The Japanese sword, Katana, has been said "Soul of Samurai” since ancient times. Its value is not only due to the fact it is a powerful weapon, but also to its production process, recognized as traditional craft and embodiment of the Japanese spirit. It is highly evaluated and there are many fans worldwide. When was Katana, a beautiful weapon, born and how did it develop? Let's unravel its history.
The beginning and development of Katana
Speaking of Katana, most people think of the single-edged, curved swords that samurai carry in historical drama. On the Asian continent, there are many double-edged swords with blades on both sides, but those with such a curve are rare. However, Katana did not have such a shape from the beginning.
The sword manufacturing technology was introduced from mainland China via the Korean Peninsula in the early Yayoi period. The sword at that time was a "straight sword" with no curve. The curve of swords was born in the Heian period due to the way of fighting, which changed from a walking style to a cavalry style. The curve was created to effectively fight against enemies from horseback.
In the Kamakura period, when samurai played central roles in political dynamics, the demand for swords that could withstand longer and bigger battles increased. They developed into "Tachi" with stronger warpage and longer blades for further effectively fighting from horseback. At the end of the Kamakura period when the battle between the North and South Dynasties took place, the longer swords "O-dachi (bigger Tachi)" also joined the force.
In the Muromachi period, infantry-based combats became mainstream than horseback fighting, and "Uchi-gatana" appeared. Uchi-gatana was easier to handle than Tachi and aimed to quickly cut enemies. Its blade length was 60cm or more and showed a shallow curve. This sword is what we call Katana today.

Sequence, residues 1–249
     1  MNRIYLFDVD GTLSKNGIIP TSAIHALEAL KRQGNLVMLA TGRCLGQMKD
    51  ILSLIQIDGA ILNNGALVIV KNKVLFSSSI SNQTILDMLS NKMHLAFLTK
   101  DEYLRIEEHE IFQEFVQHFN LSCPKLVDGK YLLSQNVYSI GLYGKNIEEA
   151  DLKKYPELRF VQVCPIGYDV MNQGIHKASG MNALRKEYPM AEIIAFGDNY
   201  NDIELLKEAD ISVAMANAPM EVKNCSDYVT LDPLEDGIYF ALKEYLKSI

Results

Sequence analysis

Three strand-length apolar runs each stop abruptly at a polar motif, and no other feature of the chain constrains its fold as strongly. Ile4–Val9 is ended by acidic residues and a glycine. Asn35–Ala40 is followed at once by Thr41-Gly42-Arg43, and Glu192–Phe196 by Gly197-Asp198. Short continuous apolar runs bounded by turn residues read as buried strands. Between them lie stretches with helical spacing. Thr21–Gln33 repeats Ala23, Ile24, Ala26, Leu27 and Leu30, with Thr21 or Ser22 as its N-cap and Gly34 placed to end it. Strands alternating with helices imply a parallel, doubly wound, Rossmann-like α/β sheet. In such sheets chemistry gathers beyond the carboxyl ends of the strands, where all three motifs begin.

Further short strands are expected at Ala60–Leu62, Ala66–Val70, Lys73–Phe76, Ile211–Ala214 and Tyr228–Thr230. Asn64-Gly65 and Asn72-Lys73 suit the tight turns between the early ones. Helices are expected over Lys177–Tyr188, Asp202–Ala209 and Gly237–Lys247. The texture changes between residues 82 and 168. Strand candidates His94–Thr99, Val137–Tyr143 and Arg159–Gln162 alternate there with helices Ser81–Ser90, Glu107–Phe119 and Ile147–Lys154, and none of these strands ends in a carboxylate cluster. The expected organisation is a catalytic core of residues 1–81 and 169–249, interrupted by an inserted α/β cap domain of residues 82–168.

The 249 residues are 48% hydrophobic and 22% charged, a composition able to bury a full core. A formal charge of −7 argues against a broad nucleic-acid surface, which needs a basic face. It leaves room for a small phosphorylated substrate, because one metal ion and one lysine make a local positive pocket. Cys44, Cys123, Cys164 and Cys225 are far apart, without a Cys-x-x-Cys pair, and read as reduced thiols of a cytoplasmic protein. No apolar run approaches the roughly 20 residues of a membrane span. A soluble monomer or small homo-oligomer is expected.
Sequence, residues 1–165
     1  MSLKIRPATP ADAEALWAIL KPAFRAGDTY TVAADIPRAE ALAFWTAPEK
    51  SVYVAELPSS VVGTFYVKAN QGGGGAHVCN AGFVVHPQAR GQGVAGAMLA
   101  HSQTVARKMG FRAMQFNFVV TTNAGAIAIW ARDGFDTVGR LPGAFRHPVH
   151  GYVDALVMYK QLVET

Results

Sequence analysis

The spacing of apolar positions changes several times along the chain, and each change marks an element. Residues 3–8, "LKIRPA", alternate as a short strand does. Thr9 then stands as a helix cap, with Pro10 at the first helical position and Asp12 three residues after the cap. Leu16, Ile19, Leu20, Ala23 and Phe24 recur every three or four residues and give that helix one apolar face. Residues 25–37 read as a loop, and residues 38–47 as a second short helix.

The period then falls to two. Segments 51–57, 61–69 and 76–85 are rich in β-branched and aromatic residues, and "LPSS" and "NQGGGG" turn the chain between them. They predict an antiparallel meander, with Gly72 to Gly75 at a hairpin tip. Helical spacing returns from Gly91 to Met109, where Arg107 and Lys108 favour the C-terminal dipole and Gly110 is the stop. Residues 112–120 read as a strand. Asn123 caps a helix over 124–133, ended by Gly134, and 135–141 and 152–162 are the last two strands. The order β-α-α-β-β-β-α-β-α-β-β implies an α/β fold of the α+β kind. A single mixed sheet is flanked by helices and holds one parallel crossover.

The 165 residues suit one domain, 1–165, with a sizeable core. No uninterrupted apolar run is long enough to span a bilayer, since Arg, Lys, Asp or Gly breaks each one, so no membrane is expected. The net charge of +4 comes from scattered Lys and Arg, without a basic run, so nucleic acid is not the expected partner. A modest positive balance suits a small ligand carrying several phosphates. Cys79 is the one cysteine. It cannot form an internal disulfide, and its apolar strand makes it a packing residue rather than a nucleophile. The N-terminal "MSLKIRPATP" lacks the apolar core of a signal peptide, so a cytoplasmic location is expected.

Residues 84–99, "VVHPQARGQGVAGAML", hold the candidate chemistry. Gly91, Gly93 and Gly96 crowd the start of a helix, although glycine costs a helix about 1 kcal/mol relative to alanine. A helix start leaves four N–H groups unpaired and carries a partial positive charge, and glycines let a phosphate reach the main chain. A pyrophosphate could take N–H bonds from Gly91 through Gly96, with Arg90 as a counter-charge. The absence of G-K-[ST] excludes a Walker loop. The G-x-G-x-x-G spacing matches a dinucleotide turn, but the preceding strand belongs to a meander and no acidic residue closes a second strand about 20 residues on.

How did Katana become the "soul of the samurai"?
In the Edo period, samurai were required to carry two Katanas, one large and one small, as formal attire. Until then it was permitted for ordinary people to carry them, however, this became a privilege of samurai, then, an icon of the samurai’s prestige rather than just a weapon. The two Katanas were called the "soul of the samurai" and much appreciated.
As one of samurai privileges, it is well known that a system called "Kirisutegomen" allowed samurai to cut people without any punishment if merchants or farmers behaved unbearably rude. In fact, however, it was rarely exercised since it required to objectively prove the unbearable rudeness, or the failure to prove its legitimacy resulted in death penalty and the family being destroyed. It was the privilege to decide about the life or death of other people and, in other words, it required samurai to have higher discipline. Katana was the symbol of this samurai moral stand and spirit.
In the Meiji era, the samurai class was abolished and a sword ban was issued. As a result, Katana started to disappear. In addition, General Headquarters post WWII conducted sword hunting after World War II and confiscated many. The survival of Katana was at stake at one point, but some were spared from disposal after the Japanese government pleaded that they would like to preserve the famous Katana of artistic value for posterity. Currently, Katana are only allowed to be possessed as martial arts tools or ornamental items, not as weapons.
The Japanese sword was originally transmitted from the Asian continent, but it has developed independently due to the historical background and the evolution in the way of fighting, reaching its present form. Katana has various faces such as excellent weapons, beautiful works of art, and symbols of samurai and still fascinates many people worldwide.